Five years ago, a high-profile hedge fund manager made a bold call. "Jim Chanos: China Is Headed For A Huge Crash" is how Business Insider put it.
Today, if you ask Joe Nocera of the New York Times, Chanos has been proven right. In a column headlined "The Man Who Got China Right," Nocera writes:
The conventional view was that the Chinese economy would continue to grow at a rapid pace…
China’s economy began to slow right around the time Chanos first made his call. No matter: Most China experts remained bullish. Chanos, meanwhile, was shorting the stocks of a number of companies that depended on the Chinese market…
These days, with the markets in free-fall, it certainly looks like Chanos has been vindicated.
The fact is, however, that Chanos's huge crash never came. On November 11, 2009, when the Business Insider headline appeared, the Shanghai Composite was trading at 3,175. Today, after Chanos's "vindication," it is trading at 2,965. That's a fall of about 6.5% in five years. Not exactly a crash. In fact, the big stock-market crash was already in the past, at that point: the index was over 6,000 in October 2007.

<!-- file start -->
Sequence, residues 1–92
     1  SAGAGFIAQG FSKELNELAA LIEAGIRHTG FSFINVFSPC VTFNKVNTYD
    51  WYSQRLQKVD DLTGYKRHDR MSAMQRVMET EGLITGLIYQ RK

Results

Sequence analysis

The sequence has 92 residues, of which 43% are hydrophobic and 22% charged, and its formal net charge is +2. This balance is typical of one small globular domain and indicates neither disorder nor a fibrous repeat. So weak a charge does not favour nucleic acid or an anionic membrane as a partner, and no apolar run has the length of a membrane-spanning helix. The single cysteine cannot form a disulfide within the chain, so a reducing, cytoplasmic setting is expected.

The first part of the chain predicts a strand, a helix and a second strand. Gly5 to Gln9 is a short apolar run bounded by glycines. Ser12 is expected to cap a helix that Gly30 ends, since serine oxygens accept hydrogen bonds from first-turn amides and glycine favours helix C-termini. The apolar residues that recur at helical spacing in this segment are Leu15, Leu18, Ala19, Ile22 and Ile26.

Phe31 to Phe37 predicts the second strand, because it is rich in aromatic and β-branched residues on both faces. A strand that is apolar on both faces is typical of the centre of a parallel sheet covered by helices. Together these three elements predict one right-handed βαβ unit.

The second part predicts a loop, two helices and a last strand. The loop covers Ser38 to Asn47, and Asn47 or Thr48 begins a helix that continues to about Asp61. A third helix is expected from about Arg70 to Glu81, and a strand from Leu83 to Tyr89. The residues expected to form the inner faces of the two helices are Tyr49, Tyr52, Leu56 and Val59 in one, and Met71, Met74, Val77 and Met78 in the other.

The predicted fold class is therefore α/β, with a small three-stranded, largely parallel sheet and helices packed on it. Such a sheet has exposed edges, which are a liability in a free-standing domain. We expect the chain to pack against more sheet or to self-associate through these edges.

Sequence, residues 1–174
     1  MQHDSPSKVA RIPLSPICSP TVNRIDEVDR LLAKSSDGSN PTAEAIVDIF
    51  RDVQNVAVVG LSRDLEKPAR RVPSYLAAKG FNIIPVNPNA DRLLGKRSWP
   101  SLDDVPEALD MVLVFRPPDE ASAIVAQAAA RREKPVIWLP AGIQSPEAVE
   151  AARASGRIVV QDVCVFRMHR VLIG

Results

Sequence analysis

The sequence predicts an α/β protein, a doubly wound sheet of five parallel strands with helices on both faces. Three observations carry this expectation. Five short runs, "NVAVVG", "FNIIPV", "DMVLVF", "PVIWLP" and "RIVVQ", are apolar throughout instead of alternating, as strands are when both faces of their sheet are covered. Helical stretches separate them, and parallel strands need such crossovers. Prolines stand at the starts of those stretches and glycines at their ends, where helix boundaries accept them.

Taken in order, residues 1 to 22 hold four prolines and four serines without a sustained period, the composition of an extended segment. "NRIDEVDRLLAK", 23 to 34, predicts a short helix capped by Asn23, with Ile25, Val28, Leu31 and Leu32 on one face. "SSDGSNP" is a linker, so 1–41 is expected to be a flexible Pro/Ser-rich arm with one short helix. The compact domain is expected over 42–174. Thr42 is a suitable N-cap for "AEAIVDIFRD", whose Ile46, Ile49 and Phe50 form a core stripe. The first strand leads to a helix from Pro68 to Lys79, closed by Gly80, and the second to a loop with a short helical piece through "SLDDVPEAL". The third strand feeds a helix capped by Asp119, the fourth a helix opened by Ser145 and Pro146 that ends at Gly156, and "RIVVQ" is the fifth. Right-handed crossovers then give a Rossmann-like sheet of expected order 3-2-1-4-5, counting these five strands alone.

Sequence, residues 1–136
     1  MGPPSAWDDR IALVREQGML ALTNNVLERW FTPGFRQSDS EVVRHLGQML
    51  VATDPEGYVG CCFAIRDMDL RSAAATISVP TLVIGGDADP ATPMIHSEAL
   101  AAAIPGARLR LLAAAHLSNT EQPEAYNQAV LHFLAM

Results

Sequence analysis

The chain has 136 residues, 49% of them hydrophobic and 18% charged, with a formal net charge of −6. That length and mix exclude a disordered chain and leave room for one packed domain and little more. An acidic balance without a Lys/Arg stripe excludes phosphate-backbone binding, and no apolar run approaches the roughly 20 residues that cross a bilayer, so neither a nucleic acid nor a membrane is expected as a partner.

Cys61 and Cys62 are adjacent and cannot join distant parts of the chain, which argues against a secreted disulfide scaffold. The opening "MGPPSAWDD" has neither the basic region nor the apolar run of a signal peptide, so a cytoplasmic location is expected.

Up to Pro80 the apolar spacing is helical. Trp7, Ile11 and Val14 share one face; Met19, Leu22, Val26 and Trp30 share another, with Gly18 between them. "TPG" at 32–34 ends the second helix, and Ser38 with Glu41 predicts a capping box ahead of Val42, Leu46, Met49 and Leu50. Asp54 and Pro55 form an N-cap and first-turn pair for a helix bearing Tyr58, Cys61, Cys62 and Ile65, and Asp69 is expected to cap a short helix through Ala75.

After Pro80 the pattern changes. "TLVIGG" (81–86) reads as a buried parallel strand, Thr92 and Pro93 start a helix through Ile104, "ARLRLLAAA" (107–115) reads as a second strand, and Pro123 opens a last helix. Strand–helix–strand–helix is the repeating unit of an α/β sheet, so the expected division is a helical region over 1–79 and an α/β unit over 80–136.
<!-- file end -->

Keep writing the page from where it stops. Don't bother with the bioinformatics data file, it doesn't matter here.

Overall, the Chinese stock market has been going up over time, not down. There have been two big speculative bubbles – one in 2007, and the a smaller one in 2015 – but even after those bubbles burst, the long-term trend is clearly upwards rather than downwards.
And what about the Chinese economy, which Chanos said in 2009 was dangerously overheated and teetering towards collapse? Here's a chart of China's GDP, using official IMF projections from 2014 onward:
Again, the "collapse" is very, very hard to see. In fact, it never happened.
It's impossible to know for sure whether Chanos made money or lost money on his China positions: we don't know which stocks he shorted, and how much he paid to borrow them. But his big macro call was clearly wrong. A few days of stock-market volatility can't change that basic fact.